Researchers addressing numerous health disparities in elderly African American communities
CHARLESTON, S.C. (WCSC) - A new study shows how much the gap in health care affects elderly African Americans in South Carolina compared to other demographics.
AARP, along with researchers at the Medical University of South Carolina, Clemson and the University of South Carolina have all teamed up to diagnose, and fix the issues leading to health disparities among black communities.
“This is a complex issue,” AARP SC’s state director for advocacy Jo Pauling-Jones said. “It is one that is going to require multi agency collaboration which is one of the recommendations.”
The report states that African Americans in the state consistently have a higher risk of getting Alzheimer’s, dying from stroke or certain cancers. They also have higher rates for heart disease, hypertension and diabetes.
In his 40-year medical career, Dr. Thaddeus John Bell has been working to bring awareness to these persistent issues.
“I think the medical profession in general is now coming to grips of the unequal treatment that minorities and people of color and poor people have received,” Bell said.
Bell is now working with AARP on a new online video series called Living well with Dr. Bell. It aims to educate communities of color about ways to live healthier, longer lives.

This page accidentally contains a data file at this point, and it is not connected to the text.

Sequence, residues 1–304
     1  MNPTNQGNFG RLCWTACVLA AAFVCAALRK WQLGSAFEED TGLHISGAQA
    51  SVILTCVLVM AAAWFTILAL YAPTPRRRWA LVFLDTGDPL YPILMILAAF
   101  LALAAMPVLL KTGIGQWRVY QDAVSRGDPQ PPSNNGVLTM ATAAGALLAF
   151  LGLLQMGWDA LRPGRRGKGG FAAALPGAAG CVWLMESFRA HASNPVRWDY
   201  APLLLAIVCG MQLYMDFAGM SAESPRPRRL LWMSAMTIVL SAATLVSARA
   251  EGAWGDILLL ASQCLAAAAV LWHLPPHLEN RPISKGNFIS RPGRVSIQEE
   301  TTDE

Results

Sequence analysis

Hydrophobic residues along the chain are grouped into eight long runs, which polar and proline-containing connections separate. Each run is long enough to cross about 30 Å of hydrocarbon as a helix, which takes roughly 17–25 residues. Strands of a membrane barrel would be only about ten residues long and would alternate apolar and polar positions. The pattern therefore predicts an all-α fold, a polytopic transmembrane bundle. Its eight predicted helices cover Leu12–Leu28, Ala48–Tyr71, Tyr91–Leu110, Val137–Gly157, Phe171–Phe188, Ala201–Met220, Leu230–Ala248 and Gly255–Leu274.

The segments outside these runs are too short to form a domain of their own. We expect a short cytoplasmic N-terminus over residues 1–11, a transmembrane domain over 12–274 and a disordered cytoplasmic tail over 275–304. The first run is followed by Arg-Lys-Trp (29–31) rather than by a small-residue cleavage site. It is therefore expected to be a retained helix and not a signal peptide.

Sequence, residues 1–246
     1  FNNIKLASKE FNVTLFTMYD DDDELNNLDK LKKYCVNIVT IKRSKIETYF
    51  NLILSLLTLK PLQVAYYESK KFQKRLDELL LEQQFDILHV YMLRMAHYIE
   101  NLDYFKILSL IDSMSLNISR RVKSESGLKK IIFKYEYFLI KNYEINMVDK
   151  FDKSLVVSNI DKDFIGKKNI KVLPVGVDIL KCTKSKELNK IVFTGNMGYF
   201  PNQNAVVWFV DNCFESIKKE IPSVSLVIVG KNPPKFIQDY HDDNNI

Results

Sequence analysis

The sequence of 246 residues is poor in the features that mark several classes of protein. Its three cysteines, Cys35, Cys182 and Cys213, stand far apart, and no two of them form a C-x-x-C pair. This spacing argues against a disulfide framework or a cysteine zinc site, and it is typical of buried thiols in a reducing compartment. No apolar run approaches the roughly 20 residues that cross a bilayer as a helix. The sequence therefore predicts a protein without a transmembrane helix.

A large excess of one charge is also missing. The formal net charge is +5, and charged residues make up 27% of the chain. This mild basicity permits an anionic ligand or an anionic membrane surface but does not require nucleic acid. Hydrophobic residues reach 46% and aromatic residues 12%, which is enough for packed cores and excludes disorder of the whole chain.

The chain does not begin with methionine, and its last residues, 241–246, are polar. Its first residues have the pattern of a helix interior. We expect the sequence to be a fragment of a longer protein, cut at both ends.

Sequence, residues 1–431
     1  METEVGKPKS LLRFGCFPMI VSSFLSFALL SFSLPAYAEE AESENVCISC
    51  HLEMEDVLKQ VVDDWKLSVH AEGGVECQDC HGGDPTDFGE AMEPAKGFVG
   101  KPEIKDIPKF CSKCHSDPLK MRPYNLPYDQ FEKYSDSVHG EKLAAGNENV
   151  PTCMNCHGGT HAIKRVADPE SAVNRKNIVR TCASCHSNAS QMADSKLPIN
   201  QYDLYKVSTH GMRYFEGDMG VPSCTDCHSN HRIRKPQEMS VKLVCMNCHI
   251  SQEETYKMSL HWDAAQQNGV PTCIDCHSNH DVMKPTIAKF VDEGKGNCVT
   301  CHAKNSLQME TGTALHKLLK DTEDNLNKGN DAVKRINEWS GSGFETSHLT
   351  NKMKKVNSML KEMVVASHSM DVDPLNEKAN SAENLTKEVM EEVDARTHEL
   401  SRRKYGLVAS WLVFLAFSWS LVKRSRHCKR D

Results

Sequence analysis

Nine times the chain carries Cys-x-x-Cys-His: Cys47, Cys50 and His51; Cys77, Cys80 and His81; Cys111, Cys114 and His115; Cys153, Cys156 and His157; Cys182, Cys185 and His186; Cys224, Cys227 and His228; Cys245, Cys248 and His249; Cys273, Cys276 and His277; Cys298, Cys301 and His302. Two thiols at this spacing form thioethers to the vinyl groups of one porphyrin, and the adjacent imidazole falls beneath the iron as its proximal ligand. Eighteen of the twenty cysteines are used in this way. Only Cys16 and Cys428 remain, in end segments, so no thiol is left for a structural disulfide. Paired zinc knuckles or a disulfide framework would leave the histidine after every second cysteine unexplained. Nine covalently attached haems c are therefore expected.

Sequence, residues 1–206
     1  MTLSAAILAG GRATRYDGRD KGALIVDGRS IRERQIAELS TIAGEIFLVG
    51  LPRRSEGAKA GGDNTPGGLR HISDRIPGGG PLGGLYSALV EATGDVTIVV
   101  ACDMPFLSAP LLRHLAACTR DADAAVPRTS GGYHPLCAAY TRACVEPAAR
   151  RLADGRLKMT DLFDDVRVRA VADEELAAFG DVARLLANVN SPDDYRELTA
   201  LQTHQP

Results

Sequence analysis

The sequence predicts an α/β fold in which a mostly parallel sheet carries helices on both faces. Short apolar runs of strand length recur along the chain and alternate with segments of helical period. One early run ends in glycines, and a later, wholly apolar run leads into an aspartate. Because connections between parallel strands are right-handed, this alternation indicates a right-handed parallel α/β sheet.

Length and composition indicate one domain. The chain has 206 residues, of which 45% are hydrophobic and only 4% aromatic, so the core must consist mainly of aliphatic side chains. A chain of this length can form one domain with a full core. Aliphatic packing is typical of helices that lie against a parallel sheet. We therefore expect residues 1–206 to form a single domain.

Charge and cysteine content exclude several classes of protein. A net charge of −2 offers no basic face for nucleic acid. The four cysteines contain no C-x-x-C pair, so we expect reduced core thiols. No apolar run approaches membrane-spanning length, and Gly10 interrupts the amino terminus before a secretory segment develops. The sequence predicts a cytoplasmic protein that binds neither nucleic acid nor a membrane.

“Teach people, spend time with people explaining to them why is important and what I’m asking you to do in order to live longer,” Bell said.
Heather Boger at MUSC’s Center for Aging said the newly-complied data on health issues facing the minority population will be used as a tool to help hospitals like hers reach out to, and prioritize, people most in need.
“To petition not only to MUSC but to the state to get resources available for seniors for African-American seniors that are at a greater risk for these disparities,” Boger said. “This is what we need to increase our efforts on, increase our education, our outreach, resource providing, etc.”
Researchers say the report is only the beginning, next steps include interviews with people most affected and eventually releasing a list of action steps for healthcare systems across the state.
“It speaks to our commitment to disrupt disparities and that is what we want to do we want people to live their best lives as they’re aging,” Jones said. “And we know that disrupting these disparities is the way to do that.”
People can read the full report online here.
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